A novel study on the association between herpes simplex virus and Alzheimer’s disease, entitled “Herpes simplex infection and the risk of Alzheimer’s disease-A nested case-control study,” was recently published in the journal Alzheimer’s & Dementia by Prof. Hugo Lövheim, from the Department of Community Medicine and Rehabilitation, Geriatric Medicine, Umeå University, Umeå, Sweden, and colleagues.
This new study demonstrates that the herpes simplex virus type 1 infection appears to increase the probability of developing Alzheimer’s disease, the most common neurodegenerative disease. Herpes simplex virus type 1 has a high prevalence in humans. After the first infection, the virus remains in a dormant state in the body permanently, and can be reactivated when the infected person’s immune system is weakened, causing the common mouth ulcer.
The research team performed two large epidemiological studies where they confirmed the association between herpes simplex virus type 1 and the development of Alzheimer’s disease. The first study was based on data from the Betula project, a study on aging, memory and dementia that has been ongoing for 20 years, where the main goal is to understand how memory functions change during adult life. In this epidemiological study, Dr. Hugo Lövheim and colleagues analyzed 3,432 participants that were followed for 11.3 years and concluded that a reactivated herpes infection increases two times the risk of developing Alzheimer’s disease.
In another study, the research team analyzed samples from 360 people with Alzheimer’s disease, donated to the Medical Biobank at Umeå University, and matched the samples with subjects that did not develop the disease. The samples were collected for an average 9.6 years before diagnosis. The researchers concluded that a subject infected with the herpes virus has two times more the probability of developing Alzheimer’s disease than an uninfected subject.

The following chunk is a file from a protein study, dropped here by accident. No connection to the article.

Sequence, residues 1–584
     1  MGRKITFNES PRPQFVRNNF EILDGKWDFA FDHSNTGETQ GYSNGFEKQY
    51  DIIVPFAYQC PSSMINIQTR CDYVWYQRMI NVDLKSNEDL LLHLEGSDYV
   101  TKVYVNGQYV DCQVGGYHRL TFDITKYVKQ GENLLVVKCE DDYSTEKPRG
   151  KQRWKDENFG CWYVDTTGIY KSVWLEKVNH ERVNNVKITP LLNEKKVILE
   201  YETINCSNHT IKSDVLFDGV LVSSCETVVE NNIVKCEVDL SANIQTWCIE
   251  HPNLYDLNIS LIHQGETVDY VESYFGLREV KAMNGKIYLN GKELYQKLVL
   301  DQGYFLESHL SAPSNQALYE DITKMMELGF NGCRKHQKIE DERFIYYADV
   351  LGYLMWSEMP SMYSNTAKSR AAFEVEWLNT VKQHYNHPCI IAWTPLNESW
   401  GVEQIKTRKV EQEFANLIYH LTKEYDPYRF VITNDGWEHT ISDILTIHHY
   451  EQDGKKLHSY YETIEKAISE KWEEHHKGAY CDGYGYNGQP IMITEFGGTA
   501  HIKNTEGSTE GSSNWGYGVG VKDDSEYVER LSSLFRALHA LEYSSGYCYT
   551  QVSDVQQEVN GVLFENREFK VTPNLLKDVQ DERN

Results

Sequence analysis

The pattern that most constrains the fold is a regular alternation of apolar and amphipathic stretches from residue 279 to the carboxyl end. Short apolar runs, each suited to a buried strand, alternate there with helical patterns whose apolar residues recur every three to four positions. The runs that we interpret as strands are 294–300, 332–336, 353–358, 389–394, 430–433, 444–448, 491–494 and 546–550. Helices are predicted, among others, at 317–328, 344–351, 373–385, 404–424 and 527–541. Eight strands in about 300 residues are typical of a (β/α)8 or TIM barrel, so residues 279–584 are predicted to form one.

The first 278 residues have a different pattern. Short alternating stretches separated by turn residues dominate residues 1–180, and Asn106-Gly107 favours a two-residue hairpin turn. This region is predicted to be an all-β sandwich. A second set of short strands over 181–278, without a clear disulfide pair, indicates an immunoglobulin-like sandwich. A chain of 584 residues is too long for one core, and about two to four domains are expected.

The research team stated that the hypothesis that associates the herpes virus infection with Alzheimer’s disease is based on the fact that older subjects who have more fragile immune systems state and this is an opportunity for the virus to reach other parts of the organism, mainly the brain. And thus this can be the trigger that leads to the development of Alzheimer’s disease.
“Our results clearly show that there is a link between infections of herpes simplex virus and the risk of developing Alzheimer’s disease. This also means that we have new opportunities to develop treatment forms to stop the disease,” said Prof. Hugo Lövheim, in the Umeå University press release.
The research team said that the hypothesis that associated the herpes virus with Alzheimer’s disease is based on the fact that in older subjects the immune system is more fragile, creating an opportunity for the virus to reach other parts of the organism, mainly the brain. Thus, this can be the trigger of the processes that lead to the development of Alzheimer’s disease.
“Something which makes this hypothesis very interesting is that now herpes infection can in principle be treated with antiviral agents. Therefore within a few years we hope to be able to start studies in which we will also try treating patients to prevent the development of Alzheimer’s disease,” says Hugo Lövheim.
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